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Cat and the Canary, The (1927)
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by Jay Seaver

"Old dark house, fun old movie."
4 stars

There really should be some sort of revival of "old dark house" movies, because for as much as everything about them would likely come off as absurdly dated today, there is a great deal of fun to be had when you play by the rules in place at the time. But given that you're already kind of doing that with silent movies anyway, it's not that big a leap, and it makes for an amusing diversion.

This one starts from the premise that old Mr. West died two decades ago, hounded by greedy relatives, and aiming to deny them any sort of quick satisfaction, he insisted his will not be read until midnight of the twentieth anniversary of his death (he also resented his family calling him crazy, and one of the conditions of the will is that the inheritor be medically examined to have his or her sanity confirmed). That day has come, and now lawyer Roger Crosby (Tully Marshall) and the maid who has been keeping the place tidy (Martha Mattox) await the would-be heirs: Charles Wilder (Forrest Stanley) and Harry Blythe (Arthur Edmund Carewe), who have some sort of grudge between them; blonde flapper Cecily Young (Gertrude Astor) and her aunt Susan Sillsby (Flora Finch); easily frightened Paul Jones (Creighton Hale); and Annabelle West (Laura La Plante), said to resemble her great-uncle - including, perhaps, his madness, although she seems nice enough. Everyone winds up staying the night, even if the locals say the house is haunted and a guard the nearby asylum (George Siegmann) warns of an escaped lunatic.

That's a lot of characters for somebody to potentially be picking off, but the stabs in that direction are actually rather minimal; director Paul Leni and the various writers adapting John Willard's play aim as much for goofy hijinks as mystery and suspense. That's not to say there's never any sort of sinister air to the production; the opening scenes set up things to keep in mind as things play out later, and a low body count is probably far more effective than a high one if the goal is to either drive Annabelle mad, or at least to make her appear that way. A modern audience may find something campy about early-twentieth-century attitudes toward mental illness or the secret panels and passages that appear to riddle this old house, but Leni does not present then that way - a hand emerging from a bed's headboard to menace a sleeping woman comes off as genuinely creepy, for instance, and it's possible that certain bits can be scary or funny depending on what the accompanist does with it.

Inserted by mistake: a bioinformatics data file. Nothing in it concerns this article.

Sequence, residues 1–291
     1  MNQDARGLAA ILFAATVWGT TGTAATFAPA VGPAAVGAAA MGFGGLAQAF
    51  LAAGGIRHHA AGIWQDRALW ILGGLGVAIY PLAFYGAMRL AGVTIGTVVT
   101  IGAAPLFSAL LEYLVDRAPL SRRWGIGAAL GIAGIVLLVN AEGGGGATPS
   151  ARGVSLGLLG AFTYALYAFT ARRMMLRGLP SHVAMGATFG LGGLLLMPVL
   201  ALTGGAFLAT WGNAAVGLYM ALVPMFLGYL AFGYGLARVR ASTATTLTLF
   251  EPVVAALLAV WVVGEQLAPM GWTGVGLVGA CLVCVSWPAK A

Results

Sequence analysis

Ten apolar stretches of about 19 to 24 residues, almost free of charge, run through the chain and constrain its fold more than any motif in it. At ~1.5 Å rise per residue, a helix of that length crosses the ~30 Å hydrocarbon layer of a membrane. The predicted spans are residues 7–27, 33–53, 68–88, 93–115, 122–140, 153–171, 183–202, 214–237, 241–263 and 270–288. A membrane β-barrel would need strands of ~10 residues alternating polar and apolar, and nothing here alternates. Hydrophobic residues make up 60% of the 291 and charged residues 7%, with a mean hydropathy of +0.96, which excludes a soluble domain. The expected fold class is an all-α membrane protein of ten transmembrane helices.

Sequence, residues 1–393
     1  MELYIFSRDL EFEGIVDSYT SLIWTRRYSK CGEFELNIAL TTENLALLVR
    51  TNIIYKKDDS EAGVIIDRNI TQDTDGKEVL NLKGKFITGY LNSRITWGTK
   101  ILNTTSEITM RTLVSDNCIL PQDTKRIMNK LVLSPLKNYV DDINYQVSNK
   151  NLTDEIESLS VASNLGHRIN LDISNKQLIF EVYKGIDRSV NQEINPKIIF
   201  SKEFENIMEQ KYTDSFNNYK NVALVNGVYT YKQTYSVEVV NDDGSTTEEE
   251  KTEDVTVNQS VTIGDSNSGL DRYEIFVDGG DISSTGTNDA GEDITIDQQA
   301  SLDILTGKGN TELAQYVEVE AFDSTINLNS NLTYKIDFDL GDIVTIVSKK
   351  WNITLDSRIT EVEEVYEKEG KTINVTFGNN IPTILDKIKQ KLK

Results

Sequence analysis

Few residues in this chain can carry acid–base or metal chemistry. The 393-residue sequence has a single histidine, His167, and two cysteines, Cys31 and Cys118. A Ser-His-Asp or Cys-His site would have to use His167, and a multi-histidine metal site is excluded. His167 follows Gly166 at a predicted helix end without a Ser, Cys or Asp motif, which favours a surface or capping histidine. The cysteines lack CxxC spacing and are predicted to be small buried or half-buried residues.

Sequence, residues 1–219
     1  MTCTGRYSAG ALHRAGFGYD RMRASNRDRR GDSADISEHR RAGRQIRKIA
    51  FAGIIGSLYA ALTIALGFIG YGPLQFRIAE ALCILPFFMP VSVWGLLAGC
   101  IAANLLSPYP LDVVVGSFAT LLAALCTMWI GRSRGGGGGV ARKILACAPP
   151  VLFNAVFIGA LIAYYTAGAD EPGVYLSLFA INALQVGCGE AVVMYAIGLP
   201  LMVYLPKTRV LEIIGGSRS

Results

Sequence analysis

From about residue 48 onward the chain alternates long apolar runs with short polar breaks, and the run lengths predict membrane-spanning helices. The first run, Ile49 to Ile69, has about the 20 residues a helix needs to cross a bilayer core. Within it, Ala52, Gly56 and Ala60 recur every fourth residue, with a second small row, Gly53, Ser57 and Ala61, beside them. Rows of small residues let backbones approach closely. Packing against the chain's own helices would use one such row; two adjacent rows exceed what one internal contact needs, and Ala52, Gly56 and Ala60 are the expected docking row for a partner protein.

At this screening, organist Jeff Rapsis would kind of musically wink at how "Mammy Pleasant" would imply that the house was haunted, and that's probably the best way to go much of the time, as the movie is fairly funny throughout. Sure, there's potential for Cecily (who would clearly rather be out dancing) and her blustery aunt to be the one causing trouble, but they're mostly funny. My initial impression of Creighton Hale's Paul was a Harold Lloyd type, and that's the sort of physical comedy he does reasonably well, though he does make the transition from stumbling goof to fairly capable participant reasonably well toward the end. It's possible that the reason that the film still plays fairly well almost ninety years later is that the parts which maybe haven't agreed will are just shifting the balance between thrills and spills a bit, rather than undermining everything.

The film is clearly a product of its time in some ways. It's got nice sets which don't always quite fit together - one of the secret passages seems huge, for instance - while exteriors can be kind of basic. For this sort of silent movie, the acting is fairly decent - Hale isn't Lloyd, but he's okay, even if Laura La Plante isn't quite so emotive opposite him (also a sign of the time - despite being positioned as a romantic pairing, the plot must mean they're cousins of some sort, right?). There are a few more characters than are really necessary, as some occasionally disappear and there's little need for both Charles and Harry to be around, but it gives the filmmakers time to bounce around the house. The acting and action is sometimes augmented by intertitles that are a bit more elaborate than usual - stylized like you might find on the funny pages, for instance, or even with the occasional smidge of animation.

Make this sort of movie today, and you'd probably have to do things differently - make it a fair-play mystery, either excise the jokes or play them darker to maintain a consistent tone, or slather on a layer of mocking self-awareness. Fortunately, it was made in the 1920s, and if you approach it as that sort of artifact, it's actually not hard to get caught up in the fun.

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originally posted: 10/23/14 14:08:05
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  09-Sep-1927 (NR)



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